Sometimes the psychoactive effect of OTC and POMs may only become apparent when taken via an alternative route, such as Buscopan (hyoscine N-butyl bromide), which when smoked produces hallucinations, and the antitussive dextromethorphan and loperamide (for diarrhoea) when used at significantly high doses, can have euphoric effects.18–20 When being misused, formulations such as buprenorphine tablets may be crushed and administered by injection,21 and fentanyl may be extracted from transdermal patches and administered by all routes of administration.22 Other examples include codeine, which can be combined with other substances to create new concoctions such as lean23 or extracted from combination products using techniques such as ‘cold-water extraction’.24

In 2016, a report from the UK governments’ Advisory Council on the Misuse of Drugs suggested that the misuse of prescription-only painkillers, benzodiazepines, z-drugs and increasingly gabapentinoids is prevalent, with the need for increased vigilance surrounding other medicines including quetiapine, baclofen and stimulants; the need to consider OTC codeine as a ‘precursor to the misuse of prescription opioids’ was also highlighted.25 Misuse may be detected and explored in a variety of ways, using qualitative methodologies such as surveys, interviews, focus groups and netnographic techniques.26–32 Qualitative and quantitative information can be obtained from clinical records, surveys, prescribing data, postmarketing surveillance, pharmacovigilance studies and electronic medication dispensing systems.33–36 Quantitative data may also be obtained from drug tests,37 38 and as with any methodology, this has limitations; for example, OTC and POMs may not be detectable or may give false-positive results on drug tests that are routinely used in substance misuse services (SMS).20 39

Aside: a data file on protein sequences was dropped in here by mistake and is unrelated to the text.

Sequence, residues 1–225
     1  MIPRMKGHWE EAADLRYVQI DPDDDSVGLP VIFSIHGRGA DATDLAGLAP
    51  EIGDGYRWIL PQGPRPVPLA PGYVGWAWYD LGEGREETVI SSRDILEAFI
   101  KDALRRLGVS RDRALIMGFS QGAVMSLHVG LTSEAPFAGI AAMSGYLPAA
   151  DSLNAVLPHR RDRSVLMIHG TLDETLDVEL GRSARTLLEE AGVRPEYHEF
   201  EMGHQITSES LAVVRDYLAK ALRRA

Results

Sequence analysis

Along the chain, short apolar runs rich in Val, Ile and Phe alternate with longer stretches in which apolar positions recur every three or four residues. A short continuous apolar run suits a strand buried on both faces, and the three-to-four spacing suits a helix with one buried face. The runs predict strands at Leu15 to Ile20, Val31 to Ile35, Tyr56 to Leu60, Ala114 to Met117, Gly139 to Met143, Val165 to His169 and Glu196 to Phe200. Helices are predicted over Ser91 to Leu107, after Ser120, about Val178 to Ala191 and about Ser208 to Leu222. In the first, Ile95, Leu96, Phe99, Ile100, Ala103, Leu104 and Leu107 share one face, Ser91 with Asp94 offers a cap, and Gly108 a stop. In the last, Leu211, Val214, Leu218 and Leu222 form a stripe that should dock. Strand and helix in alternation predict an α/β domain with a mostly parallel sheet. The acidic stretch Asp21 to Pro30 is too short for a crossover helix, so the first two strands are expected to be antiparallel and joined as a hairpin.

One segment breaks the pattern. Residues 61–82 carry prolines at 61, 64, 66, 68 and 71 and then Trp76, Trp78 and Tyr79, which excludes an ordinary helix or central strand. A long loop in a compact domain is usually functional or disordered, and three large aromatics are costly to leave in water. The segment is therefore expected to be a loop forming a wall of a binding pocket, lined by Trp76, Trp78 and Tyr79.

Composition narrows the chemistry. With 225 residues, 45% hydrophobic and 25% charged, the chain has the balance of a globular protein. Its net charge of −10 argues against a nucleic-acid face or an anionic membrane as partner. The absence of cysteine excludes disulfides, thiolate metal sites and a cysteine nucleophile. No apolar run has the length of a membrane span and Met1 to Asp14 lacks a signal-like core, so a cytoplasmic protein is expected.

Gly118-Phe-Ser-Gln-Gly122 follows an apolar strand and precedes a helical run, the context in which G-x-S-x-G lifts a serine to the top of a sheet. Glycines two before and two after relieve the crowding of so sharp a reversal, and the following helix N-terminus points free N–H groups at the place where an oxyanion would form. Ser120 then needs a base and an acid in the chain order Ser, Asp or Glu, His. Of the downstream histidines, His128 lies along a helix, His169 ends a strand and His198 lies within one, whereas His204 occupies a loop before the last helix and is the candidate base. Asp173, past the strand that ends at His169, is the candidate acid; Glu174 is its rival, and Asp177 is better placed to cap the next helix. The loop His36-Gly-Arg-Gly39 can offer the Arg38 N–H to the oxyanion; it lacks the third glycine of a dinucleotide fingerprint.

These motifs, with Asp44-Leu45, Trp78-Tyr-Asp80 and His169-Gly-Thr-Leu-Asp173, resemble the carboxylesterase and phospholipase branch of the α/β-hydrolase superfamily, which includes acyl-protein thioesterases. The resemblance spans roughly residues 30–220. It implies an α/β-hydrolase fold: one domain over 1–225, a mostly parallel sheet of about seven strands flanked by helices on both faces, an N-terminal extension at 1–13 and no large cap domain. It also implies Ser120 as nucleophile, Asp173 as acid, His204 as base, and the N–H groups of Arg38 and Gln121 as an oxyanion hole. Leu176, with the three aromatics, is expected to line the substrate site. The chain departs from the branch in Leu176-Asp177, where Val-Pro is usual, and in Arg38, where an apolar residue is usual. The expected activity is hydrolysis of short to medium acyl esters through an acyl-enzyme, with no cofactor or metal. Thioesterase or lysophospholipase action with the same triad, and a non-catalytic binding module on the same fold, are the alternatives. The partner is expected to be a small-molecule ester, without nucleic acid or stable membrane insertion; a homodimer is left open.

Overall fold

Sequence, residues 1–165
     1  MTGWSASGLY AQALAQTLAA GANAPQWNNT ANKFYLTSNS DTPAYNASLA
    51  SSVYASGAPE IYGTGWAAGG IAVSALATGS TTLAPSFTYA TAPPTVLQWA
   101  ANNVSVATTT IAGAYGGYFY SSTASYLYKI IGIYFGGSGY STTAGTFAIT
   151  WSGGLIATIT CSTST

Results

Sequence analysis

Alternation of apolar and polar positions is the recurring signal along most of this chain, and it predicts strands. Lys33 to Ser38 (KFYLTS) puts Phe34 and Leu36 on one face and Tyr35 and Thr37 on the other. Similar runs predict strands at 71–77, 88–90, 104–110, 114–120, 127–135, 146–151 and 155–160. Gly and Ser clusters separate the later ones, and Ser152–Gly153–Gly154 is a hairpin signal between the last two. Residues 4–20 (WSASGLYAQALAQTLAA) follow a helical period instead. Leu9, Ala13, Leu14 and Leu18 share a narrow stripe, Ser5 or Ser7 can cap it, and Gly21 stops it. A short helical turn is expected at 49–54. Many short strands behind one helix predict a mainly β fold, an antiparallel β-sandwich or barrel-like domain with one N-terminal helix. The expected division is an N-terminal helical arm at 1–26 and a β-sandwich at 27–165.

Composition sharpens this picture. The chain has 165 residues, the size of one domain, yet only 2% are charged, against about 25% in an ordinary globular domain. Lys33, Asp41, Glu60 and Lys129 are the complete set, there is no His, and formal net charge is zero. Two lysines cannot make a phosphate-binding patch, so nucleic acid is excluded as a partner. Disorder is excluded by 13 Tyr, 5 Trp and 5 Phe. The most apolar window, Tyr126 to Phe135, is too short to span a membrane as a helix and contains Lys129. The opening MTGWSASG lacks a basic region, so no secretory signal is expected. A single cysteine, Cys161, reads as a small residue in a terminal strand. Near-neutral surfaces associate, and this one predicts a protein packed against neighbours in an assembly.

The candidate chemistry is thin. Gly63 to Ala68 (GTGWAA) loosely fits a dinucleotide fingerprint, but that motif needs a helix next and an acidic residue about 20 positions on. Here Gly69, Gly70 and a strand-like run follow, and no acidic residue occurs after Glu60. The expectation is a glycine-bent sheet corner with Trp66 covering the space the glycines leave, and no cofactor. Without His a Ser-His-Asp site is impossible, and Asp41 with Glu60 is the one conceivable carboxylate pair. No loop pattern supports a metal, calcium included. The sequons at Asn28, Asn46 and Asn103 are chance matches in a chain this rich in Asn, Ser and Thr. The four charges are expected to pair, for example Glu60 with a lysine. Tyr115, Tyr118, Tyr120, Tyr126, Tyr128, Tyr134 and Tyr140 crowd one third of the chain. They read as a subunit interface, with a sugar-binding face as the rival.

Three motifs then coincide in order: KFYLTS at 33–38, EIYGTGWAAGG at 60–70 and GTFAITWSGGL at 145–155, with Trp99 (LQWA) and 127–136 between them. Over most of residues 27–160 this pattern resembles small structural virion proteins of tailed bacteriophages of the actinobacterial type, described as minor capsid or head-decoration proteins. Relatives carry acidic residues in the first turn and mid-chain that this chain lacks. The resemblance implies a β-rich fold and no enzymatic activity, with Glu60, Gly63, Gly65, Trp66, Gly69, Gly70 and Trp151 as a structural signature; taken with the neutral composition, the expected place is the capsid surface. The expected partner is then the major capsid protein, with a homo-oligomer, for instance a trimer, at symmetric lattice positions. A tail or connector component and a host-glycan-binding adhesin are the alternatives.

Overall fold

While the misuse of OTC and POMs is thought to be increasing, actual prevalence remains unknown due to a lack of appropriate monitoring systems.25 Public Health England (PHE) published the results of their landmark review into dependency and withdrawal associated with some POMs in 2019, which found that that prescribing rates of antidepressants and gabapentinoids among the adult English population in primary care increased in recent years to 15.8% and 3.3%, respectively: conversely, opioid analgesics, benzodiazepines and z-drugs (such as zopiclone) slightly reduced, though still prevalent with 13%, 3% and 2%, respectively, of the total population currently being prescribed these medicines.40 Consequently, the National Institute for Health and Care Excellence is developing guidelines for the management of medicines associated with dependence or withdrawal symptoms.41 However, not all medicines that are used inappropriately are necessarily associated with addiction, dependency or withdrawal symptoms, and the PHE review40 did not consider all types of medication or different treatment settings such as specialist SMS.